In vivo performance of dual ligand augmented endothelialized expanded polytetrafluoroethylene vascular grafts.
In this study, we examined combinations of three approaches to improve the adhesion of endothelial cells (EC) onto expanded polytetrafluoroethylene (ePTFE) vascular grafts placed at the femoral artery of rats: (1) high-affinity receptor-ligand binding of RGD-streptavidin (SA) and biotin to supplement integrin-mediated EC adhesion; (2) cell sodding to pressurize the seeded EC into the interstices of the ePTFE grafts; and (3) longer postseeding attachment time from 1 to 24 h prior to implantation. An in vitro system, which accounts for cell loss due to both graft handling and shear stress, was designed to optimize conditions for in vivo experiments. Results suggest that longer in vitro attachment time enabled the adherent EC to endure mechanical stresses by forming strong adhesions to the underlying extracellular matrix substrates; cell sodding helped to retain the adherent EC by physically docking the cells against the graft interstices; and the SA-biotin interaction enhanced the early attachment of EC but did not lead to better cell retention or reduced surface coverage of blood clot in the current study. Mechanical manipulation of cells during implantation is a limiting factor in maintaining a confluent EC layer on synthetic vascular grafts.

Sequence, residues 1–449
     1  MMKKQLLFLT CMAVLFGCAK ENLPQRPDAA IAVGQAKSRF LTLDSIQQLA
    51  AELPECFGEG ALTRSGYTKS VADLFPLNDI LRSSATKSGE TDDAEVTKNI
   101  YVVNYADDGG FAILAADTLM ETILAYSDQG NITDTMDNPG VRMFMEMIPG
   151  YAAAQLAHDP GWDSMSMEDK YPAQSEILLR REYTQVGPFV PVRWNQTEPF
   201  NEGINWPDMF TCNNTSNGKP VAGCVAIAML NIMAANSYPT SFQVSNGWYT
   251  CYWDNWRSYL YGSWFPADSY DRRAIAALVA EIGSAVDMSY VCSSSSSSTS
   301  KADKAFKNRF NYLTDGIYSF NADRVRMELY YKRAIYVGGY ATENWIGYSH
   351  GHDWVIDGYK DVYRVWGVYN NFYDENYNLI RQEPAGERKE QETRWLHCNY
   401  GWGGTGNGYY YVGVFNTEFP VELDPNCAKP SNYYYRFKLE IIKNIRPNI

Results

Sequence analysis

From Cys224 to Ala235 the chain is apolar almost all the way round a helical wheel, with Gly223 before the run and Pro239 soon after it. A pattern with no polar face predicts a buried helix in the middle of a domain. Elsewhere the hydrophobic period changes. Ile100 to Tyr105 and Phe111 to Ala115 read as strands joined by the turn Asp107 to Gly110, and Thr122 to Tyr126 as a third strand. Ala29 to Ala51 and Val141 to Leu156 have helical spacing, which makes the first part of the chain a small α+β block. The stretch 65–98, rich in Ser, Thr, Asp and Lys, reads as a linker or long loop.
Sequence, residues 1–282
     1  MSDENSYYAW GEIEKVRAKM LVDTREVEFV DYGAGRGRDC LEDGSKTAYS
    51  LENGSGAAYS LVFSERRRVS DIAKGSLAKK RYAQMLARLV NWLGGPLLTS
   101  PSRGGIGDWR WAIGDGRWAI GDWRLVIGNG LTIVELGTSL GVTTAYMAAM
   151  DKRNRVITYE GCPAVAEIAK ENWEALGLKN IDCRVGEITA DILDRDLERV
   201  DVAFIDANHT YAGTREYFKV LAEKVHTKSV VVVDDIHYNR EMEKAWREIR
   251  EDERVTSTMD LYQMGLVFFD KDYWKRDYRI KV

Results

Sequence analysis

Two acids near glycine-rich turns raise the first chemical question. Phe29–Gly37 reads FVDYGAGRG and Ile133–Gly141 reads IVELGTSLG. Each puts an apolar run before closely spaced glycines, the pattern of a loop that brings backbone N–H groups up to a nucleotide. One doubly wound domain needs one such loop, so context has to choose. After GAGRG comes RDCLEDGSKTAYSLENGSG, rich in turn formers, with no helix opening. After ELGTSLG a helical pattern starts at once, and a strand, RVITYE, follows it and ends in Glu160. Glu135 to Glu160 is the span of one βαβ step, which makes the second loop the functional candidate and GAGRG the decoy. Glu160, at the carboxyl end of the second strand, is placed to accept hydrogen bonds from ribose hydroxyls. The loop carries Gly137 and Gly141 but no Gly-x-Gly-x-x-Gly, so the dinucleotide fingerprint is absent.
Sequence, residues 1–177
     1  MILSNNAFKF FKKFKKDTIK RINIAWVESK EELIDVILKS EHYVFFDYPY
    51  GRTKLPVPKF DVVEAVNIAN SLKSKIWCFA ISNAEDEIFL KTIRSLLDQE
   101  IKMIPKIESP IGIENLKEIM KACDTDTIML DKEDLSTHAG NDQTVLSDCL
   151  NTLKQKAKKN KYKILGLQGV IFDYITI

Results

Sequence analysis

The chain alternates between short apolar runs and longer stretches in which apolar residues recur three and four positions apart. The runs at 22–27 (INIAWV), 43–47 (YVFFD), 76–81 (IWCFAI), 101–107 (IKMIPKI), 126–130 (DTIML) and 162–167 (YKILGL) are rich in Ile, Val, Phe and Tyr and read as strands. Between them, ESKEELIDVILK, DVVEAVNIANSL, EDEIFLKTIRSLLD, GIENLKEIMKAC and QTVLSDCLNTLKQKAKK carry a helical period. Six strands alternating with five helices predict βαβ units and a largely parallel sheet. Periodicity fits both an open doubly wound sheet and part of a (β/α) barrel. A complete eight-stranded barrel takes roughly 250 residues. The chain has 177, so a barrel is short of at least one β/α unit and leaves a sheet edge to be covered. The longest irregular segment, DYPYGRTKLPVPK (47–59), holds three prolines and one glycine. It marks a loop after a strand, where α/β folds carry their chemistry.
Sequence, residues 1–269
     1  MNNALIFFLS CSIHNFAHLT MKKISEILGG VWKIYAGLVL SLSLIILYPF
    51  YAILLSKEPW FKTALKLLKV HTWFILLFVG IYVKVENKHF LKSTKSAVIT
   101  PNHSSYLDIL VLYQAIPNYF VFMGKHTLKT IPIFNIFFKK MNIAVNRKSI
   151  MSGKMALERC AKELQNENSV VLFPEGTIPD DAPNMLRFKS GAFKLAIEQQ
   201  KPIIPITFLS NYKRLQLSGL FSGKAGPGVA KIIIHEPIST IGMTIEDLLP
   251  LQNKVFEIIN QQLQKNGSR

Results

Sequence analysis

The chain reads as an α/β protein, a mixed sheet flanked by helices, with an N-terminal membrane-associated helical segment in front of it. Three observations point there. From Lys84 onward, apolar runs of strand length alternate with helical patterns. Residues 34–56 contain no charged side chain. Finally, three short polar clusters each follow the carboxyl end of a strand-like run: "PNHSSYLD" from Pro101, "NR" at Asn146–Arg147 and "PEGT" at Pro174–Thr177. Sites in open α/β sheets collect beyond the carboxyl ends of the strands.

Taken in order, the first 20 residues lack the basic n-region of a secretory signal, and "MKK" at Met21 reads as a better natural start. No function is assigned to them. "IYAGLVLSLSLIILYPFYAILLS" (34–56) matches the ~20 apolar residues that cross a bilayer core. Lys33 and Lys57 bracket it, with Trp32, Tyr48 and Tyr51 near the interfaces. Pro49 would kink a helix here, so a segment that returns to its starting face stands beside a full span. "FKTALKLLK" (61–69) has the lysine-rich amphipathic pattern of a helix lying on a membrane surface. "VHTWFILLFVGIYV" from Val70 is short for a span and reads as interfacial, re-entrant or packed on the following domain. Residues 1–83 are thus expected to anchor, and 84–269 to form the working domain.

Chan, BP; Liu, W; Klitzman, B; Reichert, WM; Truskey, GA
Volume / Issue
Start / End Page
Pubmed Central ID
International Standard Serial Number (ISSN)
Digital Object Identifier (DOI)